My story in the magazine describes how political pressure and technological innovation are feeding into each other, producing a virtuous cycle of affordable green energy and stronger willpower to reduce emissions.
As always, Chait’s climate change story is peppered with factual inaccuracies. For example, writes Chait:
[I]n 2010, President Obama, temporarily enjoying swollen Democratic majorities in both houses, tried to pass a cap-and-trade law that would bring the U.S. into compliance with the reductions it had pledged in Copenhagen. A handful of Democrats from fossil-fuel states joined with nearly every Republican to filibuster it.
For starters, President Obama did not “try to pass a cap-and-trade law.” In fact, the “cap-and-trade” in question never made it out of the democrat party caucus in the Senate. More to the point, the President effectively killed the effort by punting on a meeting about the measure with Senate democrat leadership. Also, while it’s true that opposition to the bill was bipartisan, there was never a filibuster. Again, the bill never made it out of the democrat Senate caucus, due to intra-party opposition. Republicans didn’t have to lift a finger. So Chait’s history is totally wrong (again).
Of course, there are more mistakes in the piece, but the two most prominent errors undercut his thesis altogether. Chait’s argument is that we should be optimistic because green energy is taking off, and also because China is fervently doing everything it can to reduce emissions. As fate would have it, both of Chait’s primary talking points were refuted by events in only the 17 days since he published his ill-destined article.
Regarding green energy, Chait claims:
The energy revolution has rippled widely through the economy. In the sunniest locations in the world, building a new solar-power plant now costs less than coal or natural gas, even without subsidies, and within six years, this will be true of places with average sunlight, too. Taller turbines, with longer and more powerful blades, have made wind power competitive in a growing swath of the country (the windy parts). By 2023, new wind power is expected to cost less than new power plants burning natural gas.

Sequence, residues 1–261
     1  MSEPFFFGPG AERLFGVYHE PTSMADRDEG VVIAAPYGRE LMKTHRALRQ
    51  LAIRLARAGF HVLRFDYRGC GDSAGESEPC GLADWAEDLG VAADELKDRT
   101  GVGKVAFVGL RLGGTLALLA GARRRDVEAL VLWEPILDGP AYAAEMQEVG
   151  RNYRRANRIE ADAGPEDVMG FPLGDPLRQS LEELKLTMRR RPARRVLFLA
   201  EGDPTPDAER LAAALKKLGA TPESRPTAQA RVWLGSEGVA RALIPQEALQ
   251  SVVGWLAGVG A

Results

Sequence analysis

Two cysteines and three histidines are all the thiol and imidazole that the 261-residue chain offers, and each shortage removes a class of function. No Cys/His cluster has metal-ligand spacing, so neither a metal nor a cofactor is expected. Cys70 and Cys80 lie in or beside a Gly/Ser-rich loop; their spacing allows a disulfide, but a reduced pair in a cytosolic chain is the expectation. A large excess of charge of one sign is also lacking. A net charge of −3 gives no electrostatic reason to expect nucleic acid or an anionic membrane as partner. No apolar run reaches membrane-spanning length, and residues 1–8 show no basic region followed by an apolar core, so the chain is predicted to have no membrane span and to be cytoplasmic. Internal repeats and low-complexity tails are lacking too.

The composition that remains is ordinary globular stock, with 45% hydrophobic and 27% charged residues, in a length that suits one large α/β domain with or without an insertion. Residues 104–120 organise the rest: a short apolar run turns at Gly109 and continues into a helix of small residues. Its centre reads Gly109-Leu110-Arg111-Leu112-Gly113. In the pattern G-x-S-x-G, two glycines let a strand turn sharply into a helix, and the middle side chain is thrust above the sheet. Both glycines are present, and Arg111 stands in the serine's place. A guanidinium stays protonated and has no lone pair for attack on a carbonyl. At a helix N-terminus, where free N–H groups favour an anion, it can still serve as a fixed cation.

Sounds rosy, no? Per Jonathan Chait, wind and solar are vibrant industries, on the cusp of competing and beating conventional energy production on the open market, without the aid of taxpayer handouts or mandates.
Chait’s article was published on September 7th. In the time since, the wind and solar industries have been singing a diametrically different tune. For example, in a report released mid-September, the wind lobby says that the industry it represents will face a sharp decline without the extension of a single federal subsidy by the end of this year. A week after the wind lobby report, a study was published by Bloomberg New Energy Finance (and condoned by the top solar lobby with a press release) warning that the industry will nose dive in 2017, if congress fails to extend a single subsidy by the end of 2016. To Chait, I ask: how can green energy industries be even close to market readiness, if they crash absent a single subsidy (and despite soviet-style production quotas in 30 States)? The obvious answer is that they can’t. (Moreover, they won’t, ever).
Regarding Chait’s second primary point, about a supposed green energy revolution in China (one that’s allegedly taking place at the same time as the fictitious green energy revolution in this country), here’s his big evidence:
But in the past year, something amazing has taken place. In 2014, China’s coal production and its consumption both fell, and the drop appears to be continuing, or even accelerating, this year.
As noted above, Chait’s cover story was published on September 7th. What poor timing for him that in mid-September, Reuters reported that Chinese emissions in 2014 did not “decouple” from economic growth, as claimed by Chait.
I have one concluding note, which is more an exercise in armchair psychology than it is a fact check. In an early August blog post, Chait wrote of his affinity for air conditioning. Perhaps his energy hog ways explain his mistaken perception of global energy markets. Like most everyone, he has no interest in sacrificing any of his material well-being on behalf of climate change mitigation. He wants to “do something” about climate, but he doesn’t want to give anything up. I suspect that the only way to square this circle in his conscience is to imagine that green energy can power all his material wants, if only those rascally, meanie republicans would get out of the way.